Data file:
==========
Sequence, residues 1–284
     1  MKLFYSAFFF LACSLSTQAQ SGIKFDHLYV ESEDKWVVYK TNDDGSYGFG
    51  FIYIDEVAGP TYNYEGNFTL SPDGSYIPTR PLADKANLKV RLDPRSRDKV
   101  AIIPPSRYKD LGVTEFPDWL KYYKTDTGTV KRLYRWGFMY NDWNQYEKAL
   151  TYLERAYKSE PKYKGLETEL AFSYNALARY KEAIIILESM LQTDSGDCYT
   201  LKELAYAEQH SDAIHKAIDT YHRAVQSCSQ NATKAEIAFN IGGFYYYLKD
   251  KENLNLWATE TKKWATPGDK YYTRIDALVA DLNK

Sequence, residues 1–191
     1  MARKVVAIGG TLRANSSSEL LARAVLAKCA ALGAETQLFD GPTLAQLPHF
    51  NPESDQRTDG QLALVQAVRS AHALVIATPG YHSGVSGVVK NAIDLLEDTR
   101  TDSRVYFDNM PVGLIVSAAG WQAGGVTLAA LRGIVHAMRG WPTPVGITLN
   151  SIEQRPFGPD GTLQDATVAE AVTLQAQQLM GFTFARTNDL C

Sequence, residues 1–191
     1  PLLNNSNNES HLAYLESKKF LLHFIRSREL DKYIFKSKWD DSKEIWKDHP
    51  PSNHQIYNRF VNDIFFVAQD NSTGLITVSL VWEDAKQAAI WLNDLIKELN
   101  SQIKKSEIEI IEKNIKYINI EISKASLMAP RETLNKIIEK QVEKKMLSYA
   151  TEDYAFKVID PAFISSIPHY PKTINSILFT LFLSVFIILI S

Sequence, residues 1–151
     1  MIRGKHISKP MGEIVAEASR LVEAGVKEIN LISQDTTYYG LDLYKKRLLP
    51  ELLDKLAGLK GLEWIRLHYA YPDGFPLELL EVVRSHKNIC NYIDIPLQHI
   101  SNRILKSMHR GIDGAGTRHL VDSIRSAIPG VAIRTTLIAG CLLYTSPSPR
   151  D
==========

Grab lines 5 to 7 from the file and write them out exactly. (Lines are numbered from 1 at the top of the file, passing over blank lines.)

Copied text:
   151  TYLERAYKSE PKYKGLETEL AFSYNALARY KEAIIILESM LQTDSGDCYT
   201  LKELAYAEQH SDAIHKAIDT YHRAVQSCSQ NATKAEIAFN IGGFYYYLKD
   251  KENLNLWATE TKKWATPGDK YYTRIDALVA DLNK